May

27

The argument can be made that a large portion of the current bull run in nearly all commodities can be explained by a combination of institutional asset allocation in commodities as an alternative asset class (some of it via swaps which allow for unlimited position size regardless of physical availability of commodities due to a loophole in commodity trading regulations) and trend followers, with the sick result of rising prices increasing price further in a positive feedback loop.

I'm generally libertarian and anti-regulation, but the use of swaps to get around position limits on a market that arguably isn't equipped to handle assets of this magnitude doesn't sit well with me. I'm all for speculators in commodities markets creating liquidity and assuming risk, but that's not what this institutional asset class is doing in these markets.

Here is a link to some recent testimony (PDF) before the Senate on the subject:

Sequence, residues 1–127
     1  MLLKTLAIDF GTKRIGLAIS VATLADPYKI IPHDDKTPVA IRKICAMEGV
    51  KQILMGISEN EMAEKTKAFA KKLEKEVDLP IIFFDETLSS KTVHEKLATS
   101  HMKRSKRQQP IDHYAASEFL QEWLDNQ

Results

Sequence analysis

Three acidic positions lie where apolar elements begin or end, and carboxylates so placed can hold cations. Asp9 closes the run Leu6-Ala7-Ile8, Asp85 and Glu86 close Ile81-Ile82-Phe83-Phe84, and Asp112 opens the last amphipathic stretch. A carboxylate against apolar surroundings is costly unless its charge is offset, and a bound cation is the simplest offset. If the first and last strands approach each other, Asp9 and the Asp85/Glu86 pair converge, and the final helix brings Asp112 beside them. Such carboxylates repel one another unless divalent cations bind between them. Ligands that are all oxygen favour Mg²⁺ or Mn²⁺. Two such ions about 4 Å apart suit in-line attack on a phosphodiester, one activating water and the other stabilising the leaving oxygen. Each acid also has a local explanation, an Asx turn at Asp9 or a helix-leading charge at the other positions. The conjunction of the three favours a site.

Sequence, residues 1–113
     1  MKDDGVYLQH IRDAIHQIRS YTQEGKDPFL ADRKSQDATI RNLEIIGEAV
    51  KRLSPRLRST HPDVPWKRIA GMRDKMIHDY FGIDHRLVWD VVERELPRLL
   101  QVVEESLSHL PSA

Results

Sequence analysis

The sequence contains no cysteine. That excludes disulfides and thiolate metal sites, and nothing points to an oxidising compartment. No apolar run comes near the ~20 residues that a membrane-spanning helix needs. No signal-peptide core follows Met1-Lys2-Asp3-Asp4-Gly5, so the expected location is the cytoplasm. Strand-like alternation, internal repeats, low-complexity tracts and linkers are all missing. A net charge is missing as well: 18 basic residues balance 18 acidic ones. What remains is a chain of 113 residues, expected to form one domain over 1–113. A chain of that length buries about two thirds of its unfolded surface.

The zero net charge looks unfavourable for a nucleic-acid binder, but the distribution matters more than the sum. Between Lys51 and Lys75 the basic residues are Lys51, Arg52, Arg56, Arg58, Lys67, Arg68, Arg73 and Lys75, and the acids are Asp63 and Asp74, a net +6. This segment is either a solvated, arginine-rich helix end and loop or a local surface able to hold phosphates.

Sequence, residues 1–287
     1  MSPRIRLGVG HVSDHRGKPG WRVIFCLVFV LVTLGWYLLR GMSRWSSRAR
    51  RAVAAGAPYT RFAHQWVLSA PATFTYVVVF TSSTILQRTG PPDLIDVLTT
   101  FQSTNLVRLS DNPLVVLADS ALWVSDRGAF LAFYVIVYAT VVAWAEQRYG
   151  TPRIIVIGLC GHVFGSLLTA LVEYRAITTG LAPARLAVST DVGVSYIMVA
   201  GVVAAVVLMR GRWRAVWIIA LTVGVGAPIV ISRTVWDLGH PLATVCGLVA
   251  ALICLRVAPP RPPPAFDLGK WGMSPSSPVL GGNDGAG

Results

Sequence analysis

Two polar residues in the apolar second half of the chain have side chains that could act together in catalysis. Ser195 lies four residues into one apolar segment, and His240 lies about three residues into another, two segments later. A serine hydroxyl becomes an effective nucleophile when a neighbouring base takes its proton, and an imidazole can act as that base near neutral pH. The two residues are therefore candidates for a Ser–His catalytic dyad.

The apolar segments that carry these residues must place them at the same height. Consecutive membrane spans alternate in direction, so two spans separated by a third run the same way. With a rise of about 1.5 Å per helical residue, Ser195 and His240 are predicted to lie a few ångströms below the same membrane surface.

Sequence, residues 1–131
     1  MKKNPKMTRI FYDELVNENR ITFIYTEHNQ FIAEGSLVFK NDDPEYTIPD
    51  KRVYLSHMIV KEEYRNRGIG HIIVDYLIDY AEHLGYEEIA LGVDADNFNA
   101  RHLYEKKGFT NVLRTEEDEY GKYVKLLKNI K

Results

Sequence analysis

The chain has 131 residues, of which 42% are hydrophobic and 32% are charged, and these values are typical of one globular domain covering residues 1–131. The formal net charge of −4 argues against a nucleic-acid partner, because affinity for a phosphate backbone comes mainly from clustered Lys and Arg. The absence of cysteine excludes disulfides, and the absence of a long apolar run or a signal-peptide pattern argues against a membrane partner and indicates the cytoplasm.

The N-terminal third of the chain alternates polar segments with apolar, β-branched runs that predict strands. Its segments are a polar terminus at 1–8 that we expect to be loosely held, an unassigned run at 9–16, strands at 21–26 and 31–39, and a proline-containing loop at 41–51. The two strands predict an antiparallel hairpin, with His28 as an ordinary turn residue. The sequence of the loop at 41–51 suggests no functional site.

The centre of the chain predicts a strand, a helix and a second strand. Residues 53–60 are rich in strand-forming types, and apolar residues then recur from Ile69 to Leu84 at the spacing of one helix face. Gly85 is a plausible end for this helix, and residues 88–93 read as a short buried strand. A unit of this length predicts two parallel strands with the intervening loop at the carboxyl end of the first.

"In the popular press the explanation given most often for rising oil prices is the increased demand for oil from China. According to the DOE, annual Chinese demand for petroleum has increased over the last five years from 1.88 billion barrels to 2.8 billion barrels, an increase of 920 million barrels.8 Over the same five-year period, Index Speculators' demand for petroleum futures has increased by 848 million barrels.9 The increase in demand from Index Speculators is almost equal to the increase in demand from China!"

and some other articles on the subject,

Guardian (UK)
LA Times
Business Week

Stefan Jovanovich notes:

There have been only three periods of six months or longer since 1972 when Americans drove fewer vehicle miles than they did a year earlier: (1) the 3rd and 4th quarters of 1974, (2) the 4th quarter of 1979 and all four quarters of 1980, and (3) the 4th quarter of 2007 and the 1st quarter of this year. Six months into both of the prior periods was a close to ideal time to buy US equities, but that may be the result of coincidence rather than correlation. Most things are.


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